Pulse

June 12, 2016, Prescott-  My week was largely occupied with helping to man a shelter, for some 37 people who were evacuated from two communities, Yarnell and Peeples Valley, once again threatened by fire.  This time, no one died.  This time, there was minimal property damage.  This time, the fire was taken seriously, from the get-go.

The shelter closed this morning.  I helped with the breakdown, helped inventory the necessities.  Then, I went to the Raven Cafe, had brunch and came home.  My middle brother, in the course of a phone conversation, told me of Orlando.  He told me there were 50 dead.  He told me there were 50 other people, whose lives were in the balance.  He told me of the worst terrorist act on U.S. soil, since 9/11/2001.

Orlando/Beirut:  Many dead, in the former; many terrified, in the latter.  Two fine cities, united by atrocity.  The list of affected cities and towns grows.  The list of innocent victims multiplies. The hate continues.

Three years ago, when I was in yet another of the fogs that come with grief, and was making some terrible choices, one person came to my aid. One person called me and said, directly and convincingly, “This needs to stop.  You are acting crazy and it’s not going to end well.”  That person reset my mental clock.  That person, as fine a friend as I’ve ever known, is a member of the LGBT community.  That person and his fellows deserve all the respect and human dignity that those of us who are heterosexual, cissexual, or any other designation, can possibly muster.

Pulse is now a place of mourning.  Orlando is now a city dealing with two shocks: One small in scale; the other, the worst firearms attack in American history, outside of war.  Both shatter the convoluted logic that, if only good people had firearms, the bad would be at a disadvantage.  Yes, quick, decisive action by police officers did prevent more lives from being lost, in both incidents.  Yet, both shooters reportedly acquired their weapons legally.

So, our choice is this: 1. Honour the souls who have gone on, and not make excuses, as we have done- every single time before, including after 9/11 (“That Frenchman said the U.S. Government did it.”) and after Newtown (“Don’t you know those kids are in hiding.  Nobody really died, except Lanza.”)

2.  Stay in the mindset of ignorance, and denial, and watch, “helplessly”, as the carnage goes on, and gets worse, and comes to a theater near you.

I am listening, thinking, waiting- and mourning.  I will not stand idly by, if a demon rages  in my view.

11 thoughts on “Pulse

  1. I am in shock over this as I am every time this happens. It is madness and lawlessness in the midst of too many laws. Laws used to enable the power of those not worthy of such. “Where is the warmth of Thy love, O Light of the world?”. May we be united at least in our grief.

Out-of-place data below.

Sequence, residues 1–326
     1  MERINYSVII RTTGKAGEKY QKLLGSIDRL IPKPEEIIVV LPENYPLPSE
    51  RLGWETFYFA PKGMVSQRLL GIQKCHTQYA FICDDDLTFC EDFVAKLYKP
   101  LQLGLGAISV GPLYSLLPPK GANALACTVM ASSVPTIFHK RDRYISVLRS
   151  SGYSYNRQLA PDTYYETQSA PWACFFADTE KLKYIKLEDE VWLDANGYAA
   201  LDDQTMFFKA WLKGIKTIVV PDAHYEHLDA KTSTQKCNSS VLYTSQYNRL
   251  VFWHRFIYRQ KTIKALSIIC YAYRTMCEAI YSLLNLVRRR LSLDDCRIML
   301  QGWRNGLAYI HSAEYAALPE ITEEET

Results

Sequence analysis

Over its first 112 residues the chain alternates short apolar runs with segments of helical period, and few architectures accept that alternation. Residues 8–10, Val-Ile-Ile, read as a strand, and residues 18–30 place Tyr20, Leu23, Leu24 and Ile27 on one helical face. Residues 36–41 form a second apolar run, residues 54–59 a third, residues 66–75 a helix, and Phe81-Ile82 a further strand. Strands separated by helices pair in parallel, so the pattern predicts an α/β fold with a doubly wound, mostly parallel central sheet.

Like

  2. I am glad that the fire in Yarnell has been extinguished and that people were not hurt this time as they fought the fire. It seems, though, that we go from one crisis to another these days. I think there are many more choices than those you mention — fantasized excuses are not an option in my mind, and I believe the ignorance and denial and helplessness are countered by awareness and action and cautious continuation of our lives.

    Like

    • Thank you, Janet. I am sure creative solutions will be, must be, offered, beyond the generalized responses offered in the past. Yes, I have heard the fantasies mentioned above- and am still hearing them, with respect to 9/11. Fantasies are a substitute for action, and are usually the mode chosen by those who are too timid to actually do anything constructive. I favour the path chosen by the average citizens of Israel: Go on with life, and refuse to be intimidated by the delirious, twisted souls who carry out terrorism.

      Like

      • Hmm — I wonder what’s wrong with the path chosen by the average citizen of the US — go on with life and refuse to be intimidated ~ ~ ~

        Like

  3. I am sorry Gary, I was not aware of the Yarnell fire. But I am glad you were able to help out. But then you had to hear the news of the Orlando. I know, it is a shock, and no matter how many times it happens, it will always leave one feeling helpless. I know the American’s are doing their best to remain strong in these circumstances.

    Like

Leave a Reply

Fill in your details below or click an icon to log in:

WordPress.com Logo

You are commenting using your WordPress.com account. Log Out /  Change )

Google photo

You are commenting using your Google account. Log Out /  Change )

Twitter picture

You are commenting using your Twitter account. Log Out /  Change )

Facebook photo

You are commenting using your Facebook account. Log Out /  Change )

Connecting to %s

This site uses Akismet to reduce spam. Learn how your comment data is processed.